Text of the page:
Possibly a clearer view of the end of dinosaurs

The argument about how the dinosaurs (and more than 70 percent of Earth's species) were wiped out of existence has taken a clear step in the direction of a massive asteroid or comet strike 65 million years ago.  In new images released this week by NASA, a new radar image of the Yucatan Peninsula taken from space clearly shows a 180-kilometer-wide (112-mile-wide) impact crater — evidence of a geologically devastating event.

The release of the new topological radar image taken by the space shuttle Endeavour three years ago has significantly bolstered the theory of a devastating cosmic impact that brought about the extinction of the dinosaurs and significant numbers of other species.

In the new image, the crater itself is still difficult to see due to the limestone sediments which has settled over it during the past 65 million years.  Despite being visually difficult to identify, the crater is easily identified by the elevation readings returned by the radar imaging.  It is in these radar images that the crater becomes obvious.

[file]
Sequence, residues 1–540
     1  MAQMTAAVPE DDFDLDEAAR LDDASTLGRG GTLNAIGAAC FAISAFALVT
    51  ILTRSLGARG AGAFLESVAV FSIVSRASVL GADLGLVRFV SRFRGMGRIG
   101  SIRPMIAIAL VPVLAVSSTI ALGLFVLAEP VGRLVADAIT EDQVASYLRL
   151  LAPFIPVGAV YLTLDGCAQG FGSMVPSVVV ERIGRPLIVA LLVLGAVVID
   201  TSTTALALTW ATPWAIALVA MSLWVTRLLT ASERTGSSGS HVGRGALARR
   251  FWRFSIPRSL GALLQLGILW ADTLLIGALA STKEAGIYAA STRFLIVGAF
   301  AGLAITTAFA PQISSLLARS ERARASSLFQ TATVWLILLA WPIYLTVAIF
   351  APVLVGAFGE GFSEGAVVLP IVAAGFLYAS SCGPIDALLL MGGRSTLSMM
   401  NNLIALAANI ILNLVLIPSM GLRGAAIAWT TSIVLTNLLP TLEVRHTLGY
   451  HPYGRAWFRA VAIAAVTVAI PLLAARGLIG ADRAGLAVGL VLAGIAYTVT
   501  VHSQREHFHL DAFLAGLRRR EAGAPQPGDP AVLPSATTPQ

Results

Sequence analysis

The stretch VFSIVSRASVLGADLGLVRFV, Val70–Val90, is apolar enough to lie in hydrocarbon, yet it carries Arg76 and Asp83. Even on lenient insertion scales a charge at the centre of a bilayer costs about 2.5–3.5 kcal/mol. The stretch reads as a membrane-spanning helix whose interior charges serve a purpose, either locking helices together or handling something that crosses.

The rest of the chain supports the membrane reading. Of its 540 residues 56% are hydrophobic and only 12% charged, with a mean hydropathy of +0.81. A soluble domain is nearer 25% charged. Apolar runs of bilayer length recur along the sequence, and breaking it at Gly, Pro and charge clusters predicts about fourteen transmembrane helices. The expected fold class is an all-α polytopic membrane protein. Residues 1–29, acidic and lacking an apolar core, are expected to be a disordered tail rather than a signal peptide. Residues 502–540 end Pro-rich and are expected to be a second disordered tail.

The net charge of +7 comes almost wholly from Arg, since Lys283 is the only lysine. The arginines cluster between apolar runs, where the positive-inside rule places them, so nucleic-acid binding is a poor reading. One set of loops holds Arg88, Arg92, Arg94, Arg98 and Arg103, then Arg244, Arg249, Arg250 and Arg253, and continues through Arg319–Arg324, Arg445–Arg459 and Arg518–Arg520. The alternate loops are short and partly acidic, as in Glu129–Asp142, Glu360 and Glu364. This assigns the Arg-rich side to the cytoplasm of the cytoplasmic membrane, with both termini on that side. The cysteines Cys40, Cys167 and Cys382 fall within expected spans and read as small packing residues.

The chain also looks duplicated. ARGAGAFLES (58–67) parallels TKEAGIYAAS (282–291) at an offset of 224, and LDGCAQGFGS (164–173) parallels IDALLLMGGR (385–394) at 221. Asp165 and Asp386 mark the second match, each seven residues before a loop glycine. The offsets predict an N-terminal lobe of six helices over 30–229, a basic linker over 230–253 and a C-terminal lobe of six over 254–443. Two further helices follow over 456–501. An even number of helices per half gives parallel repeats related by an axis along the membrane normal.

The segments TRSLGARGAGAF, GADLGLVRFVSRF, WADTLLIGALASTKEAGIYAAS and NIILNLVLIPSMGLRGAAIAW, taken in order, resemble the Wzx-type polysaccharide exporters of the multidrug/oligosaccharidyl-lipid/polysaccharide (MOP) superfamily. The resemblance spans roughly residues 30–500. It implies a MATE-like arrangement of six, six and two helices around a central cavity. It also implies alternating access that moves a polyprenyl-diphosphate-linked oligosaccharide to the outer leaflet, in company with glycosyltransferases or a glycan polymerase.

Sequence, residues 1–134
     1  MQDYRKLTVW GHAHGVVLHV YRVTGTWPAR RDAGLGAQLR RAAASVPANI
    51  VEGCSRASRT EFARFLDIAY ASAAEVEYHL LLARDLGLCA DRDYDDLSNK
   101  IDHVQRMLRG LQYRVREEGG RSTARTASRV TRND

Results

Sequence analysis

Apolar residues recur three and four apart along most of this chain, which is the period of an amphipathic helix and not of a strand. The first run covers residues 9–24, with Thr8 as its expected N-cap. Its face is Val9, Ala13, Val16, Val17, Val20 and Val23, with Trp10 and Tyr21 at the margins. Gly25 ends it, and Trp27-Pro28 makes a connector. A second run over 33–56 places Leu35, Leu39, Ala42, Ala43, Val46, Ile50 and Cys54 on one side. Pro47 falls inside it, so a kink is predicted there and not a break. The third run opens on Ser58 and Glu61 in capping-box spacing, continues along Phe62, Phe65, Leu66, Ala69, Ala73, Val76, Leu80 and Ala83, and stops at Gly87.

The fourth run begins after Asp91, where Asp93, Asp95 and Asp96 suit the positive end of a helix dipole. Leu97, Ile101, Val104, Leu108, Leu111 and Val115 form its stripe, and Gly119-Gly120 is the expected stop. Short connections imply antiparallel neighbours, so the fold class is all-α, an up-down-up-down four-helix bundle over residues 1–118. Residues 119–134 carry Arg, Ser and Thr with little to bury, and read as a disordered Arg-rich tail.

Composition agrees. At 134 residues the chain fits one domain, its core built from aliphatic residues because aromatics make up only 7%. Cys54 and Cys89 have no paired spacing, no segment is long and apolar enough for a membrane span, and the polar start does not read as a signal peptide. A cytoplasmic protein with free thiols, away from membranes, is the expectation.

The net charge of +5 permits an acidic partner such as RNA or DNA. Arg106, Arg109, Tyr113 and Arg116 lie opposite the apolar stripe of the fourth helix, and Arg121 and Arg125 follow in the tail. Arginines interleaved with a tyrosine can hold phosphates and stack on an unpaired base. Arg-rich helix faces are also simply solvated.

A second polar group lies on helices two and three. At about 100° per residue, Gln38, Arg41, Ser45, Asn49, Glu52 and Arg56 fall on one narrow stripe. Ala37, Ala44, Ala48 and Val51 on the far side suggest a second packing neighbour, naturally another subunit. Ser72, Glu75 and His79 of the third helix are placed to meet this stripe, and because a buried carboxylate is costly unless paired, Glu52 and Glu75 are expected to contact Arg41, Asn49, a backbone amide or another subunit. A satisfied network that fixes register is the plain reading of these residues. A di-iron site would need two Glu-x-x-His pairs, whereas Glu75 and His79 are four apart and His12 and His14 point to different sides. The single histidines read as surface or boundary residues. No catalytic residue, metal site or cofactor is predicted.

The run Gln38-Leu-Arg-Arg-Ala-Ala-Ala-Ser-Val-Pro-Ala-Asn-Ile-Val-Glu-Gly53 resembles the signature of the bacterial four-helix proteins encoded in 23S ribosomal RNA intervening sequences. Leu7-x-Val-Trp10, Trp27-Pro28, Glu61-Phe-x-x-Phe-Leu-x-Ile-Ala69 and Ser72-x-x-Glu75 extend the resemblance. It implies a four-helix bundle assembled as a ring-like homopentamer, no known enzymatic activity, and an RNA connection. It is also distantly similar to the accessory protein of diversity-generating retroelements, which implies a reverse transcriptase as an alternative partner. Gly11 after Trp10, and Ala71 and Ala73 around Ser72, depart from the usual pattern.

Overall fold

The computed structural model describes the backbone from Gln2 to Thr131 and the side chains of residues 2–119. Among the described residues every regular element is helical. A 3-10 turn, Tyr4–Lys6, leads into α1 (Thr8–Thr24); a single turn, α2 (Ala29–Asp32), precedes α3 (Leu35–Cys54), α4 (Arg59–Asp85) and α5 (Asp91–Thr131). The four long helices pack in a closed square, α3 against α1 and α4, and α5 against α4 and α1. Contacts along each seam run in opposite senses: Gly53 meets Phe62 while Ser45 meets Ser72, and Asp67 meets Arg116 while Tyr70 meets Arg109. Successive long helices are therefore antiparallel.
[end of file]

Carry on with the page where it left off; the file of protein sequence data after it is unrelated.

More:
The idea of a cosmological event being the catalyst for extinction of massive numbers of Earth's species at the time was first offered up in 1980 by physicist Luis Alvarez and his son Walter Alvarez, a geologist.  Since then, mounting proof has driven the scientific community in that direction with increasing speed.

The Chicxulub crater is now the the focus of intense scientific study as evidence continues to mount which points to this being the flashpoint of the dinosaurs' demise.

As with all things scientific, however, there is no guarantee that a meteoric event is truly to blame for wiping out the dinosaurs and paving the way for humans.  Until we're certain, we're never sure, and even then we keep our minds open to the possibility that we're still not sure.

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